During university, I spend an almost inappropriate time investigating on a paper on Gray and Tennyson. – Which was rad, because my work on Gray was the foundation on which this page is built. Now, I recently mentioned one of Gray’s more famous odes, “The Bard”, and how I humbly theorize that “Kubla Khan” could have being a thematically similar – maybe equally prophetic – poem, probably even comparable to Walter Scott’s later The Vision of Don Roderick.
Now, what did Coleridge himself think of “The Bard”, given how we usually simplify that Wordsworth’s and Coleridge’s generation of poets is said to have rejected Gray’s work?
This quote by Mr C himself might serve to give a first understanding of what Coleridge’s real thoughts were, especially when juxtaposed with another, more generalizing statement by later English critic George Saintsbury.
“An Author is obscure, when his conceptions are dim and imperfect, and his language incorrect, or unappropriate, or involved. A poem that abounds in allusions, like the Bard of Gray, or one that impersonates high and abstract truths, like Collins’s Ode on the poetical character, claims not to be popular — but should be acquitted of obscurity. The deficiency is in the Reader. But this is a charge which every poet, whose imagination is warm and rapid, must expect from his contemporaries. Milton did not escape it; and it was adduced with virulence against Gray and Collins. We now hear no more of it; not that their poems are better understood at present, than they were at their first publication; but their fame is established; and a critic would accuse himself of frigidity or inattention, who should profess not to understand them…”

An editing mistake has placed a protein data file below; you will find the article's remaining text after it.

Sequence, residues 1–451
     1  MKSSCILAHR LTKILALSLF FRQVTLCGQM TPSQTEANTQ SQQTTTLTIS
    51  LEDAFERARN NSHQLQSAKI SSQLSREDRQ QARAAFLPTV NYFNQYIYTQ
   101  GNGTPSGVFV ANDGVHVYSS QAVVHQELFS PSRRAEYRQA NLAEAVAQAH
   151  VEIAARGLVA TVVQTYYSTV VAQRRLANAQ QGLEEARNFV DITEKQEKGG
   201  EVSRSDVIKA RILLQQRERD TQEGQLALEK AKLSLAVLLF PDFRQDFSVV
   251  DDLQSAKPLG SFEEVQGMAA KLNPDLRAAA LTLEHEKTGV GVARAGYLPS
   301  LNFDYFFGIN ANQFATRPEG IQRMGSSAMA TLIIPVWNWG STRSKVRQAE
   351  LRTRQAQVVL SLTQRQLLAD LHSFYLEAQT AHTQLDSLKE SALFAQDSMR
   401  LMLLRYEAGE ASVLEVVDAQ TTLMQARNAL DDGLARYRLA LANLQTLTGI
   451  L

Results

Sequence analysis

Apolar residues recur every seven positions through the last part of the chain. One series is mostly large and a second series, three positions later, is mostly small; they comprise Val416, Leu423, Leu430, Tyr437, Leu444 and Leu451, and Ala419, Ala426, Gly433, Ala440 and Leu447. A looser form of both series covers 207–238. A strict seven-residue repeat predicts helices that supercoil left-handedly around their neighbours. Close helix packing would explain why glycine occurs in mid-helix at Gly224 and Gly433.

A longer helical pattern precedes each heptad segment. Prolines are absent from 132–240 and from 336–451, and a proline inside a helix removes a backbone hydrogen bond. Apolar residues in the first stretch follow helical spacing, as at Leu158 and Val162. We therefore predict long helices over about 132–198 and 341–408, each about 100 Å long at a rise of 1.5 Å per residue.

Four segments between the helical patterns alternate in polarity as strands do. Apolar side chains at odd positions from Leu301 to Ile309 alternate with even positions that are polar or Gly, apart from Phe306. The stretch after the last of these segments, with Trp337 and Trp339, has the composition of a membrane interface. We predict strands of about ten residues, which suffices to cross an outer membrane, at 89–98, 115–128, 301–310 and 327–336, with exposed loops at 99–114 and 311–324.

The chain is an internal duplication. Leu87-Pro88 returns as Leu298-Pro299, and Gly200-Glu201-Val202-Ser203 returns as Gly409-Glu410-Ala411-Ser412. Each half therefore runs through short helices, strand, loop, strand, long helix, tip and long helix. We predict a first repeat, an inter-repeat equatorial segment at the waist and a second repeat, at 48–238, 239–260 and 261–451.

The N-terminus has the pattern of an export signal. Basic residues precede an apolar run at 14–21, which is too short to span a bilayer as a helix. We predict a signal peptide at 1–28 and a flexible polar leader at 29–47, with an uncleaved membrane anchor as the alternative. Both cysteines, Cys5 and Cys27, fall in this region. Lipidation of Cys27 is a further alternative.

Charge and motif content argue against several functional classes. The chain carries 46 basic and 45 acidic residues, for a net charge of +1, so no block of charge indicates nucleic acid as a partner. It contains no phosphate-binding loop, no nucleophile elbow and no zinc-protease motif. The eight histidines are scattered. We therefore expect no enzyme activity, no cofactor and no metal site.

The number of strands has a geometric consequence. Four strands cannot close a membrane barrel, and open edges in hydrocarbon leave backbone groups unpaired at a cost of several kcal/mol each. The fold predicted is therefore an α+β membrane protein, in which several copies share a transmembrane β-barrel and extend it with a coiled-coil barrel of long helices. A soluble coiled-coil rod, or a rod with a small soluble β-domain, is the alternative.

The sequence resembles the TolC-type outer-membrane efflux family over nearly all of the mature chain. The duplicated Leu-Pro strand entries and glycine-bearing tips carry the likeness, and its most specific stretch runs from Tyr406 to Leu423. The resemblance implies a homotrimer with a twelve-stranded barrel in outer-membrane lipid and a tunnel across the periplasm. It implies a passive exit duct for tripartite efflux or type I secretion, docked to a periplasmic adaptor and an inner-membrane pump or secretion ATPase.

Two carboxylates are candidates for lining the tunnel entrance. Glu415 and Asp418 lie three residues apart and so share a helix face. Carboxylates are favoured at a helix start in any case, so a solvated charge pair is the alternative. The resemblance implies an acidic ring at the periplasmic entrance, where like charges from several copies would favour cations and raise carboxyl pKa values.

George Saintsbury, 1911.
“In a letter to West, when the writer was about six-and-twenty, we find it stated with equal dogmatism, truth, and independence of authority that ‘the language of the age is never the language of poetry except among the French, whose verse, where the thought or image does not support it, differs nothing from prose,’ with a long and valuable citation, illustrating this defence of ‘poetic diction,’ and no doubt thereby arousing the wrath of Wordsworth. Less developed, but equally important and equally original, is the subsequent description of our language as not being ‘a settled thing’ like the French. Gray, indeed, makes this with explicit reference only to the revival of archaisms, which he defends; but, as we see from other places as well as by natural deduction, it extends to reasonable neologisms also. In this respect Gray is with all the best original writers, from Chaucer and Langland downwards, but against a respectably mistaken body of critics who would fain not merely introduce the caste system into English, but, like Sir Boyle Roche, make it hereditary in this caste not to have any children…”
I think it’s Saintsbury’s phrase, because it’s so quotable, that has led people to generally assume there was more contrast between the poetic generations that I have really perceived. I wonder how I will think about the connection between Coleridge and Gray when I am more into the matter…
Quotes taken from The Spenserian Archive.
I am not going to re-post the entire poem, but here, my favorite lines from it: The beginning verses, indeed!